From an oblique injury to a hip injury to now dealing with plantar fasciitis, Jacoby Ellsbury has become a forgotten man in the Bronx. That’s part of the reason he should want out.
In December 2013, Jacoby Ellsbury signed a seven-year, $153 million deal to be the next great center fielder for the New York Yankees. Since then, Ellsbury’s stay in New York has been, let’s say, less than memorable.
He had a couple of decent years, but those are surrounded by injury-filled seasons that have decreased his level of play and made Ellsbury a bench player at best for the Bronx Bombers. It’s why he should be looking for a way out of the Bronx.
Ellsbury started this season on the disabled list with an oblique injury, followed by a hip injury that flared up when he was rehabbing to return.
On Monday, it was reported by ESPN’s Coley Harvey that Ellsbury is dealing with another injury, plantar fasciitis.
Yankees manager Aaron Boone told the media on Monday that the right heel pain had caused another setback for Ellsbury.
“He’s had it at times in the past,” Boone said of Ellsbury’s heel injury per Harvey. “Look, I don’t think it’s a serious issue, but it is something that popped up along the way with his hip stuff.”
The emergence of Aaron Hicks and Aaron Judge last year relegated Ellsbury to becoming a bench player. A month on the disabled list with a concussion didn’t do him any favors either. He finished the year playing in only 112 games, batting .264 with six home runs and 39 RBI.
Ellsbury only played in 111 games for the Yankees in 2015 when he missed two months of the season with a knee injury.
At 34 years old and with a multitude of injuries over the course of the last couple years, it’s fair to say that Ellsbury’s best days are behind him. With the decrease in his production as a player too, he’s a shell of the $153 million dollar man he once was.
He’s at best a bench player, one you can’t trust because he can’t stay healthy. That’s why the Yankees need to move on from Ellsbury now.
The fact of the matter is, the Yankees don’t need Ellsbury. And really, he doesn’t need the Yankees.
After he lost his starting spot in center field to Hicks last year, Ellsbury is at best the Yankees’ fourth outfielder. Really the team’s fifth if you include Giancarlo Stanton.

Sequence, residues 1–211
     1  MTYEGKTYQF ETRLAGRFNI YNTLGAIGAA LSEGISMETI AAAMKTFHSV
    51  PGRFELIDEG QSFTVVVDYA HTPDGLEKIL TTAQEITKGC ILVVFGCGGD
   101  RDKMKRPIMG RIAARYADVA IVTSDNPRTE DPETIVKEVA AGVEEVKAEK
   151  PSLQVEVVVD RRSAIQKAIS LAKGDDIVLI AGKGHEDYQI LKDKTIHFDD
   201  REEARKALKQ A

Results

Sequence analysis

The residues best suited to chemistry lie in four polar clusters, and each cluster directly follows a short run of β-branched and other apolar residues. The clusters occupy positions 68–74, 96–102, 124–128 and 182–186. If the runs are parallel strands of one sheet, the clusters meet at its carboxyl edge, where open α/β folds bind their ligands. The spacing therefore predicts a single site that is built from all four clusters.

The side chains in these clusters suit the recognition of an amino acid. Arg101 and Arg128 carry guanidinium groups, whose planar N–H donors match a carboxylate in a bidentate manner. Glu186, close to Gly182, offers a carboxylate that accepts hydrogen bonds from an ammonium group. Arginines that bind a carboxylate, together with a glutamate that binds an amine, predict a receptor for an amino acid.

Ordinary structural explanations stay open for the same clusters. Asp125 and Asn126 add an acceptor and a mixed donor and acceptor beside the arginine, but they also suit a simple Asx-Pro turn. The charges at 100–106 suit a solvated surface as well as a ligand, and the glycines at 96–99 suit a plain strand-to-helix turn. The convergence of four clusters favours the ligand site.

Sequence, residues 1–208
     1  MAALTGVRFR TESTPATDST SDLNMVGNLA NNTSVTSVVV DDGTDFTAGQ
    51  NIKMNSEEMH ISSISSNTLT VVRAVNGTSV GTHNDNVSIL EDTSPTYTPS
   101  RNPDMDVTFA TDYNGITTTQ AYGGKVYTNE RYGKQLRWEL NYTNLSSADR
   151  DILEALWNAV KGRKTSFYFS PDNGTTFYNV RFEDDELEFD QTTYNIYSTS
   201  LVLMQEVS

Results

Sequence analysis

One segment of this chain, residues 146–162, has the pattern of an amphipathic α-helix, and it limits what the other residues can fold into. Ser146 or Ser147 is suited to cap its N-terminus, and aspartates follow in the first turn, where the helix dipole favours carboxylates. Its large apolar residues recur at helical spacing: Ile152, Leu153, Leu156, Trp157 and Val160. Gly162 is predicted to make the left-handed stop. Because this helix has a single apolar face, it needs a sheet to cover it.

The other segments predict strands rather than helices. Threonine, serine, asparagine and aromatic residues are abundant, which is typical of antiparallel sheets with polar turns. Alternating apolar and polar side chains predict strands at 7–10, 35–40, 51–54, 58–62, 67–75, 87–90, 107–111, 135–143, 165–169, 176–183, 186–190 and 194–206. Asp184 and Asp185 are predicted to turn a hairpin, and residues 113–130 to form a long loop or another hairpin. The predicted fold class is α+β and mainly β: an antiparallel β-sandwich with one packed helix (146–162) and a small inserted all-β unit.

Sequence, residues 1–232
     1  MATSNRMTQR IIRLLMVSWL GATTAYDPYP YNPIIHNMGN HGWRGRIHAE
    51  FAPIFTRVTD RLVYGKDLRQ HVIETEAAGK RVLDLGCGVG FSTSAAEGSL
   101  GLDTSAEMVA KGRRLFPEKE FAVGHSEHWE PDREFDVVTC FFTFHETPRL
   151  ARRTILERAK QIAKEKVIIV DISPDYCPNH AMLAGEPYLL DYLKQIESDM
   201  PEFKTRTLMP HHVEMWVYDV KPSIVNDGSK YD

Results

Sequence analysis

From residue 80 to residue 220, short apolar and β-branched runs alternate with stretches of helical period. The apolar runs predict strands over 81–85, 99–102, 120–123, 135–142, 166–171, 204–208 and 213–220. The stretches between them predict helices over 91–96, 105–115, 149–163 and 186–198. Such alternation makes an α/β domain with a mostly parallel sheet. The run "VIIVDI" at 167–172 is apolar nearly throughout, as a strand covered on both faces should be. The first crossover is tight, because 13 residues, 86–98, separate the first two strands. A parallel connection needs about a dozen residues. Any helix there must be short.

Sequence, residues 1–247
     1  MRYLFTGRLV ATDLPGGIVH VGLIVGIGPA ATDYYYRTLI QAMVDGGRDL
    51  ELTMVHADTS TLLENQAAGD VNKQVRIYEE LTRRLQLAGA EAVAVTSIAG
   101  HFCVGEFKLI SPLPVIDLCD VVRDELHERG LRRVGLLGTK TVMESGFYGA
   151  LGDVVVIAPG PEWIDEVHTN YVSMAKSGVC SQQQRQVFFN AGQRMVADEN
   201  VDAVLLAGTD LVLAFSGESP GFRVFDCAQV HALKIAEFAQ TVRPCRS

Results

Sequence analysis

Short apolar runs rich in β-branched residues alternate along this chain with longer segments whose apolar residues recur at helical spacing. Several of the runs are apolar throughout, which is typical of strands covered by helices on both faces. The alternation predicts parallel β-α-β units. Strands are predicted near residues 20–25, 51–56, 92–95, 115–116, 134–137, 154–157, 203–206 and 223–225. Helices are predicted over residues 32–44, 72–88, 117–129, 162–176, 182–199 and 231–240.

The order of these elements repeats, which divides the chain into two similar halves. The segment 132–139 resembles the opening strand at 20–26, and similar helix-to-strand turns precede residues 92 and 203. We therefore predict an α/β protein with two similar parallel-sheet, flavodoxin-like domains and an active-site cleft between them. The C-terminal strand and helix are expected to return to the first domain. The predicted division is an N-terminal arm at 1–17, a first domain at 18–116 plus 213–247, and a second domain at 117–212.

You can’t forget about Clint Frazier either. Frazier showed some flashes in his time at the major league level last year for the Bronx Bombers and was at one point consistently batting second in the Yankees’ lineup. During that time too, Frazier’s play kept Ellsbury on the bench.
Frazier is still sidelined with a concussion that he sustained in spring training but has been playing some simulated games for the Yankees as of late. He’ll most likely be optioned to Triple-A when he gets cleared reports Randy Miller of NJ Advance Media.
If an injury happens in the outfield for the Yankees, Frazier would be a better option to use in a starting role than Ellsbury at this point. Especially if he continues to develop into the player scouts believe he can be.
That puts Ellsbury sixth on the outfielder depth chart—assuming he can get healthy enough to get back on the depth chart.
Boone admitted on Monday he has no clue when Ellsbury will able to start resuming baseball activities.
“He’s just got to get right to be able to start back on baseball activities, and then getting into and playing in games and coming out and getting through that,” Boone said per Harvey. “When that is, I’d be guessing right now.”
Ellsbury is owed $68 million over the next three seasons. He also has a no-trade clause in his contract, making it impossible for the Yankees to trade him. The Yankees would need Ellsbury to first sign off on any trade to a team and would most likely have to take more than half of the money left in his deal to trade him away.
The thing is though, Ellsbury would be better off playing somewhere else. He would have a better chance of getting playing time on another team than the Yankees at this point.
That’s why Ellsbury should want out of New York. Either in a trade or asking for his release. If Ellsbury wants a shot at being a starter again, it’s going to have to be with another team. Not with the Yankees. That’s just the truth.
Whichever way they can, the Yankees and Ellsbury need to agree on a separation from one another.
It’s what’s best for both parties.
Follow Steven Bassin on Twitter @SBassin_Sports